Letters and Science Distinguished Professor Lecture, Frances Lefcort
- Tuesday, April 4, 2017 from 4:00pm to 6:00pm
- Strand Union Building, Procrastinator Theater - view map
Frances Lefcort, a professor in the Department of Cell Biology and Neuroscience, who was recently named Letters and Science Distinguished Professor at Montana State University, will give her inaugural lecture on "Why Do Neurons Die in Familial Dysautonomia and Can We Rescue Them?" The lecture will be followed by a reception in the Leigh Lounge hosted by the College of Letters and Science. The public is welcome to attend.
Diseases such as Alzheimer’s, Parkinson’s and ALS are debilitating because key populations of neurons (nerve cells) die, and without them, our nervous systems can’t function properly. Lefcort's lab studies a much less common, but no less devastating, neurological disease called Familial Dysautonomia. The researchers in her lab are trying to understand why neurons die in this disease. If they can answer this question, they can develop therapeutic strategies for trying to prevent neuronal death. It’s becoming increasing clear that the death of neurons in several of the major neurological diseases result from shared or converging intracellular pathways. Consequently, their goal is to apply what they learn from studying Familial Dysautonomia to treating the most prevalent neurological disorders that plague us.
Lefcort first came to MSU in 1994 as an assistant professor after earning her Ph.D. in neurobiology from the University of California, Berkeley. She has also been an affiliate faculty member in the Department of Biological Structure at the University of Washington School of Medicine since 1995, and was a visiting professor at the San Raffaele Scientific Institute in Milan, Italy in 2010. She served as the department head of the Department of Cell Biology and Neuroscience from 2012 to 2016, and was the co-founder and interim director of the Center for Mental Health Research and Recovery at MSU.
Lefcort is a researcher of national and international stature due to her seminal contributions in the field of nervous system developmental biology. She studies how embryonic progenitor cells, particularly the neural crest, multiply, migrate and differentiate into the myriad of specific cell types found in adults. In recent years, her work has focused on the genetic disease, Familial Dysautonomia, which devastates the sensory and autonomic nervous systems. Lefcort's lab has successfully created several animal models of this disease which will allow scientists to test a variety of drugs to treat the disease in humans. She has published over 35 articles in the most prestigious peer-reviewed journals in her field, including "Proceedings of the National Academy of Sciences (PNAS)," "Nature Neuroscience" and "Nature Communications." Her work has been continually funded by the National Institutes of Health since 1995.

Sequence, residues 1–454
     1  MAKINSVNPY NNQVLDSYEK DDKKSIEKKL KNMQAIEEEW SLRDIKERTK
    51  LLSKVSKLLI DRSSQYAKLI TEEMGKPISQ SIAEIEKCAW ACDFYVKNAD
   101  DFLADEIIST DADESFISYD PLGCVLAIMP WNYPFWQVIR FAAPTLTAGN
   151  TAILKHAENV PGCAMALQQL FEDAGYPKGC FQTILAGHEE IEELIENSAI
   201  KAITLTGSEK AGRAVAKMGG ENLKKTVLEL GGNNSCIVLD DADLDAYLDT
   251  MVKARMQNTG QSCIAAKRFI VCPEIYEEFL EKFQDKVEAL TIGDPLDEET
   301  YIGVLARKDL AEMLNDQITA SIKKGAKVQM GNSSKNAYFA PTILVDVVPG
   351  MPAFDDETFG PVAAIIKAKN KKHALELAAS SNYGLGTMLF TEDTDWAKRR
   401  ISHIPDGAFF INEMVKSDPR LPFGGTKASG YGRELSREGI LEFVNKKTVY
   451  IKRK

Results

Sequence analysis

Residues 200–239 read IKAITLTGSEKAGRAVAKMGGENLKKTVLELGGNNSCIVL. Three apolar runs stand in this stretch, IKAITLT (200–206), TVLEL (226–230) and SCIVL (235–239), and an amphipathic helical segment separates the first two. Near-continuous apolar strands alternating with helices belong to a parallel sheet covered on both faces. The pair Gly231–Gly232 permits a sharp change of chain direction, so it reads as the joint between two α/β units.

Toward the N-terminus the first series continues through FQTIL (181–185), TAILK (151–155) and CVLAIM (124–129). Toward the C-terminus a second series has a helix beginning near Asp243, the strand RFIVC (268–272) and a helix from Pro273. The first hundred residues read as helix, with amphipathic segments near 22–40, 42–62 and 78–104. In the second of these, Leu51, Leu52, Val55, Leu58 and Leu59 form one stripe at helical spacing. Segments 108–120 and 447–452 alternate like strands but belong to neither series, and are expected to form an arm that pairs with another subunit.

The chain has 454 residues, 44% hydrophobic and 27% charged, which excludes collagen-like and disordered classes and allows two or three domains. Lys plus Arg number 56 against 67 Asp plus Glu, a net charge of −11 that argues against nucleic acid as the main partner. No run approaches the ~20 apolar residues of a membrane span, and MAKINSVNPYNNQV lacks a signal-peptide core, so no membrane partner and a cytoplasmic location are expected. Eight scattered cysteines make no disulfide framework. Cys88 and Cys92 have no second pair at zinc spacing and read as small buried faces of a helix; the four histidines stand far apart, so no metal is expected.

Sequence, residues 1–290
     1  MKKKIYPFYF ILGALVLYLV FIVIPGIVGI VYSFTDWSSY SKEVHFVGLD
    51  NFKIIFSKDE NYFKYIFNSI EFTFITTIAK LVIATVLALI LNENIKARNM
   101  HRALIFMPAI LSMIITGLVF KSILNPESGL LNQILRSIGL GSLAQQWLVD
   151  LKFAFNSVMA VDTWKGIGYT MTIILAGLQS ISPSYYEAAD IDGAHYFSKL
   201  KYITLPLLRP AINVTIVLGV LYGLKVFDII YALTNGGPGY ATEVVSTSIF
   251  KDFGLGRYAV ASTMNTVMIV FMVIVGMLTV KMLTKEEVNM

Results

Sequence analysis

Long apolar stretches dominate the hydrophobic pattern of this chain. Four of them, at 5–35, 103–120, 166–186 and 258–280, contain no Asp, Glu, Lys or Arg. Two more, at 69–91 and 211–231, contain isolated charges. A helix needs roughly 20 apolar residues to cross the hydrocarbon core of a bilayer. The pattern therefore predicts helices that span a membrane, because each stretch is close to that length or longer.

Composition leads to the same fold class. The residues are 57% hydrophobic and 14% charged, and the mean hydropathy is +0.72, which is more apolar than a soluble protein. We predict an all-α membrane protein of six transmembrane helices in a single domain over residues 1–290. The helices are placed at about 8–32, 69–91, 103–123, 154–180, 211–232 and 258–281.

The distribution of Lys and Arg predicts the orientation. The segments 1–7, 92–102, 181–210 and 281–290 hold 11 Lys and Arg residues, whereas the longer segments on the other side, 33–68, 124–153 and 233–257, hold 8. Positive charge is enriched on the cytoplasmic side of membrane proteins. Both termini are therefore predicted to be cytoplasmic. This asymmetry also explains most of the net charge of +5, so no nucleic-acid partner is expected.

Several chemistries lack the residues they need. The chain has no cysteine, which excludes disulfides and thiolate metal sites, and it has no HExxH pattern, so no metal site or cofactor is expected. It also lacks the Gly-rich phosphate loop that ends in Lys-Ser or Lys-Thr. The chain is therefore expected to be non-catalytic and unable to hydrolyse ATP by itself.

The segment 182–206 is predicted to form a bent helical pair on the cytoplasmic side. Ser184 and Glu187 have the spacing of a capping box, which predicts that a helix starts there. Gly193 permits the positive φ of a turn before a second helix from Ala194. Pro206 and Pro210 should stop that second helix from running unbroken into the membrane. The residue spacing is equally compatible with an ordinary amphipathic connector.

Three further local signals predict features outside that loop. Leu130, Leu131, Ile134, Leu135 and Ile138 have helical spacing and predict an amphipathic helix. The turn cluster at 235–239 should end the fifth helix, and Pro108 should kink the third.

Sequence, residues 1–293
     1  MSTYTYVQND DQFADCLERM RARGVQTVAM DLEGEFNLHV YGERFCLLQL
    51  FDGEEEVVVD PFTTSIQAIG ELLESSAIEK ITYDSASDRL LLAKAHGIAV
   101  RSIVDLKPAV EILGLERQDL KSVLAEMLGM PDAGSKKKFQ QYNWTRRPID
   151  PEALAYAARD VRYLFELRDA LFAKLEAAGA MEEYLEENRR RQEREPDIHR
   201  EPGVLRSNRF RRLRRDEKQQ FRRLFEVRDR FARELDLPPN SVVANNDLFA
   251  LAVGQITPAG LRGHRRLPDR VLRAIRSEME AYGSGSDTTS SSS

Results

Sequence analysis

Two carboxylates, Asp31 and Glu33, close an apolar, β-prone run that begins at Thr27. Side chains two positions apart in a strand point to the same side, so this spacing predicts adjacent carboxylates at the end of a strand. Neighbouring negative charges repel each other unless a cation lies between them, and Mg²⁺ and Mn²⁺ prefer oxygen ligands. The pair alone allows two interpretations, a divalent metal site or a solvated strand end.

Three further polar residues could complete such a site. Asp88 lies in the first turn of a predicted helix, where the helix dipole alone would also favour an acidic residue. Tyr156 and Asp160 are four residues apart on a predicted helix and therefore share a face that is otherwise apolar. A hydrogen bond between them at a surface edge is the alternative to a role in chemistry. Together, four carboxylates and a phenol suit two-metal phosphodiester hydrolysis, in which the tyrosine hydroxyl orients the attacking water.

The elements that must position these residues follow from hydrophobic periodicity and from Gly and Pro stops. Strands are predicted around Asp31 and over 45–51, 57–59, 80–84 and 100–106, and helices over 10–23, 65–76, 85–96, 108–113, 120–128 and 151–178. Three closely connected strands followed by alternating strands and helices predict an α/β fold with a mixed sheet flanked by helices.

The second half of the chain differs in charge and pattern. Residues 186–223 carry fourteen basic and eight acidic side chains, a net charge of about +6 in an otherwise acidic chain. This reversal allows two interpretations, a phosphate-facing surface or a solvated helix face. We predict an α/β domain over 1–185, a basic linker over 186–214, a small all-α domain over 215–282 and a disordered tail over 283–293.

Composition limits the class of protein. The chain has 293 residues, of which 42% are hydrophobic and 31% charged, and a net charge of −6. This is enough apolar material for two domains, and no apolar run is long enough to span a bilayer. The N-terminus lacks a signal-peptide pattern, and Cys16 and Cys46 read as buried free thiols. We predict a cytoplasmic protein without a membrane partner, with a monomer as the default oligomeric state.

In addition to being an outstanding researcher, she excels in the classroom, teaching several courses for her department on neural development and neuroscience to both undergraduates and graduate students. She also chaired and taught the WWAMI Medical Nervous System course for 15 years, integrating cutting edge science into the course due to her own medically relevant research. She consistently receives excellent teaching evaluations.
Lefcort is committed to training the next generation of scholars, scientists and medical professionals, personally training and mentoring over 40 individuals in her lab, including high school students, undergraduates, graduate students and postdoctoral fellows.
In 2010 she received the MSU Wiley Award for Meritorious Research, and was a speaker for the Provost's Distinguished Lecturer Series in 2013. In 2015, she received the Hero Award from the Montana chapter of the National Alliance on Mental Health in recognition of her efforts to improve the lives of Montanans who live with serious mental illness.
Free and open to the public